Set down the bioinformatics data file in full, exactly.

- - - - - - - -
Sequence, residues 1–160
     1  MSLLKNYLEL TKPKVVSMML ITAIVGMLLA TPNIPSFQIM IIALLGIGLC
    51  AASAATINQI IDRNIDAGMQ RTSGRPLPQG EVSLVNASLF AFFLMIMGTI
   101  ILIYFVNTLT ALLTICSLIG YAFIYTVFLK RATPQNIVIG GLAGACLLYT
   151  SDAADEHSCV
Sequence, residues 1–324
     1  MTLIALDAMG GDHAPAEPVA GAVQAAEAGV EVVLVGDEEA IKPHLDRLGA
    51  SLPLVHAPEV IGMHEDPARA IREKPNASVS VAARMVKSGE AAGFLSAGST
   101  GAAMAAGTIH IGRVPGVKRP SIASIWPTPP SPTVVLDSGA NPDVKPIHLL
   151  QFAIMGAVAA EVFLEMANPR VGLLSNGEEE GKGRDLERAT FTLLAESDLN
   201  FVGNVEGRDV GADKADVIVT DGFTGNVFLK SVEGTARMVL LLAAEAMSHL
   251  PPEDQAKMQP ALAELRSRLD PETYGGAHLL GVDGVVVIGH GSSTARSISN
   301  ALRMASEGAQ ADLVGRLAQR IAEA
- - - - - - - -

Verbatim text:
Sequence, residues 1–160
     1  MSLLKNYLEL TKPKVVSMML ITAIVGMLLA TPNIPSFQIM IIALLGIGLC
    51  AASAATINQI IDRNIDAGMQ RTSGRPLPQG EVSLVNASLF AFFLMIMGTI
   101  ILIYFVNTLT ALLTICSLIG YAFIYTVFLK RATPQNIVIG GLAGACLLYT
   151  SDAADEHSCV
Sequence, residues 1–324
     1  MTLIALDAMG GDHAPAEPVA GAVQAAEAGV EVVLVGDEEA IKPHLDRLGA
    51  SLPLVHAPEV IGMHEDPARA IREKPNASVS VAARMVKSGE AAGFLSAGST
   101  GAAMAAGTIH IGRVPGVKRP SIASIWPTPP SPTVVLDSGA NPDVKPIHLL
   151  QFAIMGAVAA EVFLEMANPR VGLLSNGEEE GKGRDLERAT FTLLAESDLN
   201  FVGNVEGRDV GADKADVIVT DGFTGNVFLK SVEGTARMVL LLAAEAMSHL
   251  PPEDQAKMQP ALAELRSRLD PETYGGAHLL GVDGVVVIGH GSSTARSISN
   301  ALRMASEGAQ ADLVGRLAQR IAEA